U.S. Senate Democrats are pushing Republicans Wednesday about legislation that would bar religious testing for immigrants, because the vote presumably would force Republicans to take sides for or against presidential candidate Donald Trump, who called for barring Muslims from entering the United States.
Democrats pressed for the vote in return for allowing Republicans to move ahead with legislation cracking down on Syrian refugees coming to this country, according to U.S. News.
The GOP-supported American Security Against Foreign Enemies Act of 2015 cleared the House in November with 289 votes, a veto-proof margin that included 47 Democrats, despite President Barack Obama's opposition. It was quickly assembled after the terrorist attacks in Paris, France. The act adds security measures to existing Department of Homeland Security (DHS) screening.
The House bill would require new Federal Bureau of Investigation (FBI) background checks and individual sign-offs from three high-ranking federal officials before any refugee from Syria or Iraq could come to the United States.
The bill indicates a "covered alien" is any alien applying for U.S. refugee admission who: is a national or resident of Iraq or Syria; has no nationality and whose last habitual residence was in Iraq or Syria; or has been present in Iraq or Syria at any time on or after March 1, 2011.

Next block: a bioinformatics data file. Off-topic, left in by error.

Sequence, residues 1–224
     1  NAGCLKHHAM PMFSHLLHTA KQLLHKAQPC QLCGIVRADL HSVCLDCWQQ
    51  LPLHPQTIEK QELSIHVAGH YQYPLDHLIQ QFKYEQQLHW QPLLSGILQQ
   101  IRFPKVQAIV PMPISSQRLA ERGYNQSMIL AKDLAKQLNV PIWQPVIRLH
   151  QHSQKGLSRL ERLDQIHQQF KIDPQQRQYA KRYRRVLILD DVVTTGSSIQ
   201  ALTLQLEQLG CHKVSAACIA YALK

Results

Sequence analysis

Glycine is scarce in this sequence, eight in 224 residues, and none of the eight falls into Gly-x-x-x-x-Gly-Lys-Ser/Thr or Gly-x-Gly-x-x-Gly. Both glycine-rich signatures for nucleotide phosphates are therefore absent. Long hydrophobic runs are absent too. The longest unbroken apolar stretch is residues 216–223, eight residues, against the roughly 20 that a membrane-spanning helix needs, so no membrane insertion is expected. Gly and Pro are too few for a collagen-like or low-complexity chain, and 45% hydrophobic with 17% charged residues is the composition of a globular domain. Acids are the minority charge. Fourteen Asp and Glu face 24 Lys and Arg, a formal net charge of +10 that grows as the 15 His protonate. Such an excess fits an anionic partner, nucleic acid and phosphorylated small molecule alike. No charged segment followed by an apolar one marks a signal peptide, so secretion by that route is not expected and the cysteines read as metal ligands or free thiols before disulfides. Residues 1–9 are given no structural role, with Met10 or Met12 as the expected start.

Under the bill, an alien would only be admitted to the United States after DHS, with the unanimous concurrence of the FBI and the director of national intelligence, certifies to Congress that he or she is not such a threat.
Additionally, annual risk-based reviews of all certifications would be required, and DHS staffers would have to report monthly to Congress regarding the total number of admission applications accepted and declined.
Senate Majority Leader Mitch McConnell, R-Ky., encouraged Democrats not to block the Senate from considering the House bill, calling political pressure to oppose the bill "intensely shortsighted."
Democrats are suggesting a handful of amendments to the bill to stop Trump's "reprehensible proposal to impose a religious test on admission into the United States," Senate Minority Leader Harry Reid, D-Nev., told Associated Press.
"This bill the Republican leader is bringing to the floor scapegoats refugees who are fleeing war and torture instead of creating real solutions to keep Americans safe," said Reid.
Other amendments include increasing anti-terrorism money for local police forces and airport security and banning the sale of guns and explosives to people on federal terrorism watch lists, Reid said.
House Speaker Paul Ryan, R-Wis., said the bill is a security test, not a religious one.
Presidential campaign staffers of Sen. Ted Cruz, R-Texas, announced Tuesday he was canceling two events in New Hampshire and rescheduling two others to return to Washington to vote on this bill. While Republicans said the bill contains no religious tests for the refugees, Cruz and White House rival Jeb Bush have suggested giving preferences to Christians.
Obama is expected to veto the legislation if it reaches his desk.